U.S. death rate from cancer is dropping

Source: www.webpronews.com Author: Sean Patterson Though cancer hasn’t been completely cured, it’s clear that treatments for the disease have improved over the past two decades. A yearly report from the American Cancer Society has shown that the death rate from cancer in the U.S. is declining among all Americans and for the most common types of cancer. The report, published recently in the Journal of the National Cancer Institute, shows that the death rate from all cancers combined has been falling since the early 1990. From 2000 to 2009, combined cancer death rates have fallen an average of 1.8% among men and 1.4% among women. Black men and black women saw the largest declines in cancer deaths from 2000 to 2009, though their cancer death rates from 2005 to 2009 were still highest when compared to other racial groups. Though death rates for cancers such as lung cancer , breast cancer, and colon cancer are declining, the rate of diagnoses for some cancers is increasing. The rate of new cases of pancreas, kidney, thyroid, liver, melanoma, and myeloma cancers have all increased in men from 2000 to 2009. For women, rates of new cases of thyroid, melanoma, kidney, pancreas, liver, leukemia, and uterus cancers increased during the same period. The report points out that excess weight and lack of physical activity are risk factors for many of these cancers. “The continuing drop in cancer mortality over the past two decades is reason to cheer,” said John Seffrin, CEO of the [...]

Team approach improves oral cancer outcomes

Source: www.drbicuspid.com Author: Donna Domino, Features Editor Providence Cancer Center in Portland, OR, is one of a growing number of facilities that is working to improve care for patients with oral cancer and head and neck cancers through a multidisciplinary program that brings together a spectrum of treatment providers. To illustrate the challenges many oral cancer patients face, R. Bryan Bell, MD, DDS, medical director of the Oral, Head and Neck Cancer Program at Providence, described the extreme effects the illness and its treatment had on one of his patients. The woman had undergone surgery, chemotherapy, and radiation for her oral cavity cancer. "This was a beautiful 32-year-old woman who had lost all her teeth and couldn't chew," Dr. Bell told DrBicuspid.com. "She had aged about 40 years during treatment, and she just looked awful. But she had no means of affording needed dental rehabilitation, which would have cost about $60,000. People need to see what happens when you don't restore these patients." Dr. Bell used the woman's case to convince officials at Providence Health, which oversees the medical center, of the need for a multidisciplinary approach for these patients. The new cancer treatment center, which opened last month, is a unique collaboration between dental and medical oncology specialists. The center provides coordinated care for oral cancer patients who often need expensive and complex dental rehabilitation, regardless of their ability to pay, according to Dr. Bell. His team includes head and neck surgical oncologists, radiation oncologists, medical oncologists, otolaryngologists, neuro-otologists, [...]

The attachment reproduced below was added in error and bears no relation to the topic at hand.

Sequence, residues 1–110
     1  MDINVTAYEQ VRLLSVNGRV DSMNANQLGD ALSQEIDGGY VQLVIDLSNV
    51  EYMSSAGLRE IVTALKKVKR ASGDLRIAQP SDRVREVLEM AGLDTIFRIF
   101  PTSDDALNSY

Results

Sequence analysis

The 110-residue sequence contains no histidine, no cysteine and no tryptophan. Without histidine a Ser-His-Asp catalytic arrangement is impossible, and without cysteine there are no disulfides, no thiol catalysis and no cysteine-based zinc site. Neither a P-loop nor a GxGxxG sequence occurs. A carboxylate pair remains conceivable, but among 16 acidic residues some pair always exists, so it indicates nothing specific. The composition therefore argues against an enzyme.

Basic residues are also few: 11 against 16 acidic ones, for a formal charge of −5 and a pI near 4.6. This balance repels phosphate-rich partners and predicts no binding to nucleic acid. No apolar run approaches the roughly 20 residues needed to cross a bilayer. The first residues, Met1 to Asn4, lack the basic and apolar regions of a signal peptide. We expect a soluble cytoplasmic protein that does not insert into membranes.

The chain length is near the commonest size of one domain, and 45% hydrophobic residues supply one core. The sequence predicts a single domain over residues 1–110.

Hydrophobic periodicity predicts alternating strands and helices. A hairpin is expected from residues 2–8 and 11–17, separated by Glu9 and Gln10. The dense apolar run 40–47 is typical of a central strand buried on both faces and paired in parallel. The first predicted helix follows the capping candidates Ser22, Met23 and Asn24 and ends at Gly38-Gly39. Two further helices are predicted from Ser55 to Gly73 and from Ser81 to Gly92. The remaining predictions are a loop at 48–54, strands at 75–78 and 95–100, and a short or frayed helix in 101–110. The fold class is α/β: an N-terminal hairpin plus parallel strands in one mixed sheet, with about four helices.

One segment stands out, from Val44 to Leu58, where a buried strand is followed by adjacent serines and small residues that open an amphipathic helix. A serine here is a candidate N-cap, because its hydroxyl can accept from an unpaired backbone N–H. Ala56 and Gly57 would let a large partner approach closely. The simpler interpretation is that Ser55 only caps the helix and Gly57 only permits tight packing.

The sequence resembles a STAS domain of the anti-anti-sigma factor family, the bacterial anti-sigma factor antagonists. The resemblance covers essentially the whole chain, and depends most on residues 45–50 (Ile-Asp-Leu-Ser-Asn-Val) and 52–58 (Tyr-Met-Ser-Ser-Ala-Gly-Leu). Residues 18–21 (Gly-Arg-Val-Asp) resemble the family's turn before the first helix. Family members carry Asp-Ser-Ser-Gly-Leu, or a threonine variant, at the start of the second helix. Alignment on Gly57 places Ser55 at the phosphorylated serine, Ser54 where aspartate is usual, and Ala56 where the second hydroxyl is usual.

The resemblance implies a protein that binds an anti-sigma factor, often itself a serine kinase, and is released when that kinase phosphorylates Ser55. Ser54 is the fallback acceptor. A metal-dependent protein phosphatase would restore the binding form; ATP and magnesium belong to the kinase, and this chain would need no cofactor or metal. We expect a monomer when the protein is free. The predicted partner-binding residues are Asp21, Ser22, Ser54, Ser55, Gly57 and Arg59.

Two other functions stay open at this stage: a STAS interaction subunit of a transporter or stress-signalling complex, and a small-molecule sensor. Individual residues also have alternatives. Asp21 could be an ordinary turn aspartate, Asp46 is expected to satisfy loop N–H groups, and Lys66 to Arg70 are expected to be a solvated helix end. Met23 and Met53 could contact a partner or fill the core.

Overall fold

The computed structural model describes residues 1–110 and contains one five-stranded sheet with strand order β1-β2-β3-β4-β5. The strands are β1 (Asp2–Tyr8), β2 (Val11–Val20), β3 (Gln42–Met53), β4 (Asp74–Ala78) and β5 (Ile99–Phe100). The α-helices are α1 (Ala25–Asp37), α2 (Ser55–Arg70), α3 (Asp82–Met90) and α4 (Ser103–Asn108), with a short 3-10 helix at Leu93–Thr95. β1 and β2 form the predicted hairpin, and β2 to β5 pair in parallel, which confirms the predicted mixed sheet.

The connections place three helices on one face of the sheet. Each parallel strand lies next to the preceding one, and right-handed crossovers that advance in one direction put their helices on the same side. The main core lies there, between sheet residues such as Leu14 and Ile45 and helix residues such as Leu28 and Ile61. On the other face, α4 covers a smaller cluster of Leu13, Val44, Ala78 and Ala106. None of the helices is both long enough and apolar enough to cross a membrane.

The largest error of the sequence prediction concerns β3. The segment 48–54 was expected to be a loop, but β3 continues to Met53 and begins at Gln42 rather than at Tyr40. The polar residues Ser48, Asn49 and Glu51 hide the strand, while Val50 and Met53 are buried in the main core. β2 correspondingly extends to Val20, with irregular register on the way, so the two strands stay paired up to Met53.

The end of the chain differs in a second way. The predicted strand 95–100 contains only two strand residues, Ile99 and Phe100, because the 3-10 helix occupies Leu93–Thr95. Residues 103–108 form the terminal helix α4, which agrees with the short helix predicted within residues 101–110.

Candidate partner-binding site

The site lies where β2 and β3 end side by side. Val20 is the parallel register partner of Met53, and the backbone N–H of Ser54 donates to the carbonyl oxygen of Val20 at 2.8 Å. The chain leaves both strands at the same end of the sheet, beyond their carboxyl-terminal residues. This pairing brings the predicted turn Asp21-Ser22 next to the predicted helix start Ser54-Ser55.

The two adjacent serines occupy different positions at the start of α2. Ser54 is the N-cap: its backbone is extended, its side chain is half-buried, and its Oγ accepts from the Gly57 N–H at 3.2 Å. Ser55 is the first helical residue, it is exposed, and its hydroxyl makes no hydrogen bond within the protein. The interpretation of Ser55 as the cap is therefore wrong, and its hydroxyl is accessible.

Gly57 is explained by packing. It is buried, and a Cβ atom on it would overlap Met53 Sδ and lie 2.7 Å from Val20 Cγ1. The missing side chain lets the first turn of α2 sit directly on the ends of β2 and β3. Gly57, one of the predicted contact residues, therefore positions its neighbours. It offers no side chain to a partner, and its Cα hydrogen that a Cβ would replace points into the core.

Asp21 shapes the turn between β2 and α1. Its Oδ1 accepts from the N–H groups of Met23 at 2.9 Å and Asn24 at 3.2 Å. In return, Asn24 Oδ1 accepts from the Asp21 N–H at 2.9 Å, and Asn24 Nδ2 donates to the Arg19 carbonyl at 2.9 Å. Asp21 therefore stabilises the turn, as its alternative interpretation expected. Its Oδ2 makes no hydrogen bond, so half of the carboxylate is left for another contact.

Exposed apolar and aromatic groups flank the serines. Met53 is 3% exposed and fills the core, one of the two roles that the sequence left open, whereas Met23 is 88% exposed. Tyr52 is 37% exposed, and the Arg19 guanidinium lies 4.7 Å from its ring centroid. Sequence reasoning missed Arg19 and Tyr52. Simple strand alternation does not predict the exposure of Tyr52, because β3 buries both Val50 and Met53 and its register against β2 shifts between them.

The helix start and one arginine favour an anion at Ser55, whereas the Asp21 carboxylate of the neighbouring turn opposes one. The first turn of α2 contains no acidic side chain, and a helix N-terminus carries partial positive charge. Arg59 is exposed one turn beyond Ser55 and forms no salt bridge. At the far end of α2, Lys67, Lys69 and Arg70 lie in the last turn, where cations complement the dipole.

Quitting smoking before cancer surgery best, study finds

Source: health.usnews.com Author: staff Cancer patients who smoked up until their surgery were more likely to take up the habit again compared to those who quit earlier, a new study finds. The study from the Moffitt Cancer Center in Tampa, Fla., included lung cancer and head and neck cancer patients who quit smoking before or immediately after surgery. They were followed for a year after the surgery. "Sixty percent of patients who smoked during the week prior to surgery resumed smoking afterward, contrasted with a 13 percent relapse rate for those who had quit smoking prior to surgery," study corresponding author Vani Nath Simmons said in a Moffitt news release. The significantly lower smoking relapse rate for those who quit smoking before surgery shows the need to encourage patients to quit smoking when they're diagnosed with cancer, the researchers said. The investigators also noted that most of the patients who began smoking again did so shortly after surgery, which shows the importance of anti-smoking programs for patients both before and after surgery. The study also found that patients were more likely to resume smoking if they had a high amount of fear about cancer recurrence, had a higher risk for depression, and were less likely to believe in their ability to quit smoking. "Cancer patients need to know that it's never too late to quit," Simmons said. "Of course, it would be best if they quit smoking before getting cancer; but barring that, they should quit as soon as they [...]